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June 20, 2024
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Gold jewellery dating back to the Dark Ages found in field near St Just

A fragment of a silver penannular brooch dating back to the Dark Ages has been found in Cornwall. The brooch with gold inlay filigree and blue glass setting was discovered by metal detectorist Les Tomkin some six inches deep in the ground on a cultivated field near St Just in West Penwith.

The find, made on September 12, 2021, was recorded as being part of a much larger silver brooch dating back to between the fifth and eighth centuries AD, but may have been reworked at a later date to incorporate an early Medieval Irish style motif.

During a treasure inquest held in Truro on Thursday, January 18, Cornwall’s finds liaison officer at the time, Tasha Fullbrook said the centrepiece was lozenge in shape and this item had been part of a much larger brooch which had snapped, suggesting also that the original brooch had been cast.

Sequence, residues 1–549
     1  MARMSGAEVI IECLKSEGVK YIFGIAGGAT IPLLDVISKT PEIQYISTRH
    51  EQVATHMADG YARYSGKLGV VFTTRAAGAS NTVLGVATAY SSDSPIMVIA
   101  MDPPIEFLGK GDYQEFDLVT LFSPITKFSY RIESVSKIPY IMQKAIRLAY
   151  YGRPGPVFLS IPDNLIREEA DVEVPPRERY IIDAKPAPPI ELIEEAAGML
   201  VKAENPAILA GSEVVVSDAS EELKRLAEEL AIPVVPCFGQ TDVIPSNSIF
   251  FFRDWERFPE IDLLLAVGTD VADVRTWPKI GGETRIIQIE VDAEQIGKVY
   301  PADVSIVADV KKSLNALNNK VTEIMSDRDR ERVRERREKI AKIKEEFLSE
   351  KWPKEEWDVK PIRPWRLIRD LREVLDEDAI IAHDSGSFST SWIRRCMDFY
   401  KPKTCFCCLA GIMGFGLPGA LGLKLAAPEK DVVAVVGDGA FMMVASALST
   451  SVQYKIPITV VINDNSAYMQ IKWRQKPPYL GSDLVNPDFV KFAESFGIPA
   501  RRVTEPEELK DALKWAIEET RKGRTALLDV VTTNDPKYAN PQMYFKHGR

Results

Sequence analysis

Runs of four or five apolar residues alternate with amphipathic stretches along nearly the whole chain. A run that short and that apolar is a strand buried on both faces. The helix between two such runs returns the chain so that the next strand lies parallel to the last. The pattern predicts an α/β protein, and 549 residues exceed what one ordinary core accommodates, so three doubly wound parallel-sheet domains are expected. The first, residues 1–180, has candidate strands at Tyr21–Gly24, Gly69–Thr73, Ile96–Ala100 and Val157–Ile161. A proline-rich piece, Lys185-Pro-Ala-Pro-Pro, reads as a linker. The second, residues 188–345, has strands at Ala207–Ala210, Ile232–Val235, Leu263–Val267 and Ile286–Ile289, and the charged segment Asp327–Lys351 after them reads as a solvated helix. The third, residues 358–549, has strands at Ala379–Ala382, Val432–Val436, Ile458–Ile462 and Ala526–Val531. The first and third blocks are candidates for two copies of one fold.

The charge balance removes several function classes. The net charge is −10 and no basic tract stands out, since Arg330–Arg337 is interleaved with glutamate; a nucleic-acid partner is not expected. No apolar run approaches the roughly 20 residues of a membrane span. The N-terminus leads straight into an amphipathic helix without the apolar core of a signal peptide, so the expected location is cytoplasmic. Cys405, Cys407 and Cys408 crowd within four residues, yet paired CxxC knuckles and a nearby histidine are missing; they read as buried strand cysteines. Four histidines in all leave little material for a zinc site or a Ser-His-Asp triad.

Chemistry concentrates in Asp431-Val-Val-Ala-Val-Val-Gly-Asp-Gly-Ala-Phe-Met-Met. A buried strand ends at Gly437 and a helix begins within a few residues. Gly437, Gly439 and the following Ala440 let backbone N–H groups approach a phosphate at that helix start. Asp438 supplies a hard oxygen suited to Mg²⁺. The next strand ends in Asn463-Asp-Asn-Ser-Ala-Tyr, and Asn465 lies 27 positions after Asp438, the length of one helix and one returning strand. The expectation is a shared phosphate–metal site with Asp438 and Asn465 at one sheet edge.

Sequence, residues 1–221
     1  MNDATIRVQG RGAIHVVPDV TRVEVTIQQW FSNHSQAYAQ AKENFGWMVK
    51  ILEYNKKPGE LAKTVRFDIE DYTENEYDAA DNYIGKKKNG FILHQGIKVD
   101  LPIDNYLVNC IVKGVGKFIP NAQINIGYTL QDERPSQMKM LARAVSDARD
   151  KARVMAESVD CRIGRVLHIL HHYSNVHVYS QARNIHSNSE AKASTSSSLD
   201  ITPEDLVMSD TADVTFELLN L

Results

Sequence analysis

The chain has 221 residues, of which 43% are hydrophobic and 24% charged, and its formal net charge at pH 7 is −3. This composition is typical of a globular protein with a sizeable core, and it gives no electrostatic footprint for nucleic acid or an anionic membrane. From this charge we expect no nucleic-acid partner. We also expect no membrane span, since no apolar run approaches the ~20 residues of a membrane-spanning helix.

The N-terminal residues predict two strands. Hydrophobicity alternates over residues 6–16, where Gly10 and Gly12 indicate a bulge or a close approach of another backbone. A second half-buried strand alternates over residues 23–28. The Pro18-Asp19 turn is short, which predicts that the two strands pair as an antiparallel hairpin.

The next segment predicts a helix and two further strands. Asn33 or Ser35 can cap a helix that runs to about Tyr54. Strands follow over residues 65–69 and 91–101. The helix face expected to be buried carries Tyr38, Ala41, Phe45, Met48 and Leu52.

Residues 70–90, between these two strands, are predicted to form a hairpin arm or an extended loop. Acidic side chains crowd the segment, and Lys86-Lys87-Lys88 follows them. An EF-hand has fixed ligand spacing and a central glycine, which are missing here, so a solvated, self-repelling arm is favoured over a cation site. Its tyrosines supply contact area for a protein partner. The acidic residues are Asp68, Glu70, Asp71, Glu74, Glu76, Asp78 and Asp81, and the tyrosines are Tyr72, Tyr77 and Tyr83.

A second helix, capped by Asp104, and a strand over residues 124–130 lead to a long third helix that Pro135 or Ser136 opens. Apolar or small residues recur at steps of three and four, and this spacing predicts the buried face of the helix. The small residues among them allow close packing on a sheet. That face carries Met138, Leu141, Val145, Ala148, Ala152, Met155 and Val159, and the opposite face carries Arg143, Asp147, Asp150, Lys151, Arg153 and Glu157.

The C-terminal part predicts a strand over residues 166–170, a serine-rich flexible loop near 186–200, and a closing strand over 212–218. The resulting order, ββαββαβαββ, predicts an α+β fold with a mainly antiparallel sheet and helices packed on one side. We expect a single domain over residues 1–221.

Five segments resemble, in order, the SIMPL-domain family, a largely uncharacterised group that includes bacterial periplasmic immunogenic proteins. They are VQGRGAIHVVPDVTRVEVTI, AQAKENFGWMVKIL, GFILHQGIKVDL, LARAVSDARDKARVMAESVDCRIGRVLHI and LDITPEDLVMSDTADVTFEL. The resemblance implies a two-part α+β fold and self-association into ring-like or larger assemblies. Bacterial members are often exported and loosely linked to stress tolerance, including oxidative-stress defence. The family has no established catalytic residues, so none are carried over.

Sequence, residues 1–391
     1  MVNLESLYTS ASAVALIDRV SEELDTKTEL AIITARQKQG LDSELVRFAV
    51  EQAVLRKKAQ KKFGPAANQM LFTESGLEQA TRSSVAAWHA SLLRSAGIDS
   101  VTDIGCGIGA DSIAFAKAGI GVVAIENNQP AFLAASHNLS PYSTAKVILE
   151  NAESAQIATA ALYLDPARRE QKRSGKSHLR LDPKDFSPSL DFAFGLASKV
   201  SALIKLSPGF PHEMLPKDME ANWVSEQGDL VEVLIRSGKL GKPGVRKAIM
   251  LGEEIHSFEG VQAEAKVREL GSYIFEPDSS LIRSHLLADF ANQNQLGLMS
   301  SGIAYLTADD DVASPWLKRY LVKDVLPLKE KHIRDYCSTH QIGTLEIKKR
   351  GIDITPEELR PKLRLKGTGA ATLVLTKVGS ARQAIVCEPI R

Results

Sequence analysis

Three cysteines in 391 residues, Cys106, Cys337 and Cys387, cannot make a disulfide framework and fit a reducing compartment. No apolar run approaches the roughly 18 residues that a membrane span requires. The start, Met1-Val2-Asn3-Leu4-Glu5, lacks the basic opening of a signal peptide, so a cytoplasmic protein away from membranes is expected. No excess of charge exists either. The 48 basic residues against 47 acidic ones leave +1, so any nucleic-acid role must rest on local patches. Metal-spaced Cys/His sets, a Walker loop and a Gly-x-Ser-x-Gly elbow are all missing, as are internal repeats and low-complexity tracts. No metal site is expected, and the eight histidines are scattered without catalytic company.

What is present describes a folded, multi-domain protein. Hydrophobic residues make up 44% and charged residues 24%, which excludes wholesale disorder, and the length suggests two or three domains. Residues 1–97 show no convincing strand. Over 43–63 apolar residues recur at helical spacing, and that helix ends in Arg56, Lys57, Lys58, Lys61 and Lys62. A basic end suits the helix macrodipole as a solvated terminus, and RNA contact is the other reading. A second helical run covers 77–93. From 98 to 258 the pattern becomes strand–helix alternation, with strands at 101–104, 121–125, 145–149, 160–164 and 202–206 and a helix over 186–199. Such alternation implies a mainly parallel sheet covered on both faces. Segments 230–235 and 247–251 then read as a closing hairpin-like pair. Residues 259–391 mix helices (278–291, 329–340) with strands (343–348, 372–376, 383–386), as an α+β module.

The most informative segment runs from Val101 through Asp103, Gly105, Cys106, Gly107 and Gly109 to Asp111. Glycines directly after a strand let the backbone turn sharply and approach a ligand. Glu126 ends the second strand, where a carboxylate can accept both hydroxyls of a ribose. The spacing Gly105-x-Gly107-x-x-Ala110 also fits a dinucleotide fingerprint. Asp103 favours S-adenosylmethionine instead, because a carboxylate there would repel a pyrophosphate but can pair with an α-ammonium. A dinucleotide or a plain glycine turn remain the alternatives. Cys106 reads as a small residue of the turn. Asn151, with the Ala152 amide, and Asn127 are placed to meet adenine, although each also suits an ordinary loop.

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Some 16mm long, 12mm wide and six millimetres thick, the rare artefact was identified as being from the Early Medieval period known as the Dark Ages by experts from the British Museum’s European and Early Medieval collection. The Dark Ages in Europe date back from the fall of the Roman Empire to the turn of the millennium.

Many consider this period ‘dark’ due to a lack of cultural advancement in society. This was an assumption made due to the minimal historical documentation produced during the time.

Recording a treasure, assistant coroner for Cornwall and the Isles of Scilly Guy Davies, said the Penlee House Museum in Penzance had expressed an interest in acquiring the brooch fragment. Penannular brooches were common in the Roman period as a practical fastener.

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